HOUSTON -- A DNA expert who clashed with Texas prosecutors
before she opened her own forensics practice in California has been
hired by attorneys defending NBA star Kobe Bryant against a rape
Elizabeth Johnson worked in the DNA lab of the Harris County
medical examiner's office from 1992 until 1996. Bryant's attorneys
want her allowed to observe DNA testing in the high-profile case
and are expected to call her as an expert witness once the trial
Bryant, a Los Angeles Lakers star, has pleaded innocent to
sexually assaulting a 19-year-old woman in a Colorado hotel room
last year, though he acknowledges having consensual sex with her.
If convicted, he faces four years to life in prison or 20 years to
life on probation, and a fine up to $750,000.
Details of DNA testing in the case have not been disclosed. But
defense attorneys say the woman had other sexual partners in the
week during which she alleges that Bryant assaulted her.
Johnson frequently made news during her tenure as head of the
county DNA lab, which she helped establish in 1992.
She performed tests on evidence in a double murder in Pasadena,
Texas, contradicting the prosecution's theory about who committed
the crime. The suspect eventually was acquitted.
She also found herself at odds with prosecutors in February
1996. The district attorney's office subpoenaed her to appear --
along with her files in five criminal cases -- before a grand jury.
The files were subsequently turned over to another DNA expert
who reviewed Johnson's techniques. No problems with her methodology
Johnson said she always attempts to do quality work.
"And not because anybody in particular has some money," she
told the Houston Chronicle for Friday editions. "I try to do the
best job possible on every case. Most of my clients are represented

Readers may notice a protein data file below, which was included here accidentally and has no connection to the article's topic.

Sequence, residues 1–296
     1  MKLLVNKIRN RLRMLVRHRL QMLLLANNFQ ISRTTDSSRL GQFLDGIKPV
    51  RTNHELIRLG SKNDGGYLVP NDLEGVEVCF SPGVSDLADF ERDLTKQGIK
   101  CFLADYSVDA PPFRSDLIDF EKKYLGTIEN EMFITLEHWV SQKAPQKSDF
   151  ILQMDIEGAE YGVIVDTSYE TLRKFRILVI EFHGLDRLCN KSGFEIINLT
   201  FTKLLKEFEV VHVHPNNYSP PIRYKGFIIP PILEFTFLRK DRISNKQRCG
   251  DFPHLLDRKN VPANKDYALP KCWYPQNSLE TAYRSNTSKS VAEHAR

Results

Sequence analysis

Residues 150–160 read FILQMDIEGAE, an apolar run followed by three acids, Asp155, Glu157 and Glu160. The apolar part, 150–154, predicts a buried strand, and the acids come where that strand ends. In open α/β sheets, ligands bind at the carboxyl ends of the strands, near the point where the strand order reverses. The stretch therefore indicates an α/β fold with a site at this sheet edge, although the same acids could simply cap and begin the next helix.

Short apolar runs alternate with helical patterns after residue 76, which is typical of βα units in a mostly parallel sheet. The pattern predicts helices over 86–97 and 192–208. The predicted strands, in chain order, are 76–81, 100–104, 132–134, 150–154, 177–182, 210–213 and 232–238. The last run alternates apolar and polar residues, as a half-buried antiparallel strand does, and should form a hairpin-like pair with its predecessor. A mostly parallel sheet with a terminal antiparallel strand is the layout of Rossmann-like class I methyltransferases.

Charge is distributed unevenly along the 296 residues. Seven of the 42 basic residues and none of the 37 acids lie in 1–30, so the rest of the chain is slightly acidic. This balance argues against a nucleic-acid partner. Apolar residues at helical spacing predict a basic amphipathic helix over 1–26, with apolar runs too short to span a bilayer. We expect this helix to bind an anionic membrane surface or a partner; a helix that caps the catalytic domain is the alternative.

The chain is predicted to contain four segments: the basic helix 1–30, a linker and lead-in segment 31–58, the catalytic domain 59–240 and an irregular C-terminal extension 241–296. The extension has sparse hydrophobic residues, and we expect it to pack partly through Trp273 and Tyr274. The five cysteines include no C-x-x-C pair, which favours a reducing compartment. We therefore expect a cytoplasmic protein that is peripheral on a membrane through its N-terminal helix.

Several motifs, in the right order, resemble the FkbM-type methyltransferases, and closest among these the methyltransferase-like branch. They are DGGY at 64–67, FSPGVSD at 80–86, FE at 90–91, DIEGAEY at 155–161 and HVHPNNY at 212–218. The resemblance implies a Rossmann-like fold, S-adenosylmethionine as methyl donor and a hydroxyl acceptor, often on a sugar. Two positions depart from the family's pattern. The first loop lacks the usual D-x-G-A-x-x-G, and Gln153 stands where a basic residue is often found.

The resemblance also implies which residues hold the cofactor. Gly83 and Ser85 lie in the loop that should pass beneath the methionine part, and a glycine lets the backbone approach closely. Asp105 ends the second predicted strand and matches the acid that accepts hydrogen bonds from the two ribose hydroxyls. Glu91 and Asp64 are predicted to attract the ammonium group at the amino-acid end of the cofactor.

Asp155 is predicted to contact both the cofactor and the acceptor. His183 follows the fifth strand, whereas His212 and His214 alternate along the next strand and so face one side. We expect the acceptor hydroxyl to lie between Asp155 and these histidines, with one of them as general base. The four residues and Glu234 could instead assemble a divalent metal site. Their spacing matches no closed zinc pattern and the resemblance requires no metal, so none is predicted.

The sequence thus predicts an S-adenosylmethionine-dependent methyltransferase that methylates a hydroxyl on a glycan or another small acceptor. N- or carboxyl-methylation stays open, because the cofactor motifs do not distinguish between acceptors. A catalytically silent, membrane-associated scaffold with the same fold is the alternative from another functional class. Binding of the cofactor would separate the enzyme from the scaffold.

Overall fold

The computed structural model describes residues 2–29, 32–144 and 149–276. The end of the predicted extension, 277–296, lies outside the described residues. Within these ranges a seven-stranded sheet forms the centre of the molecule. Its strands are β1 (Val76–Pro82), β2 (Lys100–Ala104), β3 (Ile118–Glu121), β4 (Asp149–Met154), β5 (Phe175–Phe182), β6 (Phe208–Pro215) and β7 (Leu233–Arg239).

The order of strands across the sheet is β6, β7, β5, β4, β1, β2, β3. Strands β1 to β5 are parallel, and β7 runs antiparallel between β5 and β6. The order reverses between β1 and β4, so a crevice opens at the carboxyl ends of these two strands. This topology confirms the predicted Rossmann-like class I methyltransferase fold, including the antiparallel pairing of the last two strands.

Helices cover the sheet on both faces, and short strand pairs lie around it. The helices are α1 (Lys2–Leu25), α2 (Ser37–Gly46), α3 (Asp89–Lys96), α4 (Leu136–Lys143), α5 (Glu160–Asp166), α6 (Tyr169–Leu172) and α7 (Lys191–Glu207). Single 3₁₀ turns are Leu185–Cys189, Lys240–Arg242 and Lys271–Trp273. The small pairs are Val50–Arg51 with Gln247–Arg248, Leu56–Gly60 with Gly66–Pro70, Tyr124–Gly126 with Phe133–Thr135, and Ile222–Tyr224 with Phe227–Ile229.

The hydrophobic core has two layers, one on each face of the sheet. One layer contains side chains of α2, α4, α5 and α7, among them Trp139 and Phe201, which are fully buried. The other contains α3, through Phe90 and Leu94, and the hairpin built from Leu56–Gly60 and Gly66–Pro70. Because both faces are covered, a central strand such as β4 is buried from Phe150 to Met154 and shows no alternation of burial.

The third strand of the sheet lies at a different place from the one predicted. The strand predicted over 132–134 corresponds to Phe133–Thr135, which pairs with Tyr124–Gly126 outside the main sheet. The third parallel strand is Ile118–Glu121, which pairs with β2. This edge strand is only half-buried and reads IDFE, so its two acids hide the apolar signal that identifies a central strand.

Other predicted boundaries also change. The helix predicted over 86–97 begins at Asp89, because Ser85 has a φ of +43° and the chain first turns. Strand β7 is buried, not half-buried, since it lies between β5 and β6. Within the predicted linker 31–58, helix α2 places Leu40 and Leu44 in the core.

by public defenders, and I don't think I got to where I am by
giving them a slipshod job."
Johnson was fired from the medical examiner's office in December
1996. She was later awarded a judgment of more than $300,000 by a
Harris County jury for wrongful termination.
Johnson claimed she was fired because of the Pasadena case,
though Harris County District Attorney Chuck Rosenthal said she was
let go because she wanted too much time off as compensation for
Johnson's role in another Texas murder case has also been called
into question by supporters of the defendant.
Rodney Reed, 35, was sentenced to die for the 1996 murder of a
19-year-old Bastrop County woman. His supporters say there is no
record Johnson tested certain DNA samples in the case; the Austin
Chronicle has reported that shipping labels the Texas Department of
Public Safety says were used to send evidence to Johnson's
laboratory in Ventura, Calif., do not match records kept by the
Johnson told the Austin paper she couldn't recall whether she
had tested the DNA samples, but that DPS sent everything the
defense had asked for.
A volunteer consultant for Reed, David Fisher, contends DNA
samples that could have provided exculpatory evidence to Reed's
attorneys were not tested. He said he has contacted prosecutors in
the Bryant case to point out Johnson's role in the Reed case.
"Elizabeth Johnson is stained by the Bastrop case," Fisher
told the Los Angeles Times earlier this month. "The Eagle County
prosecutors are very disturbed by what they have learned."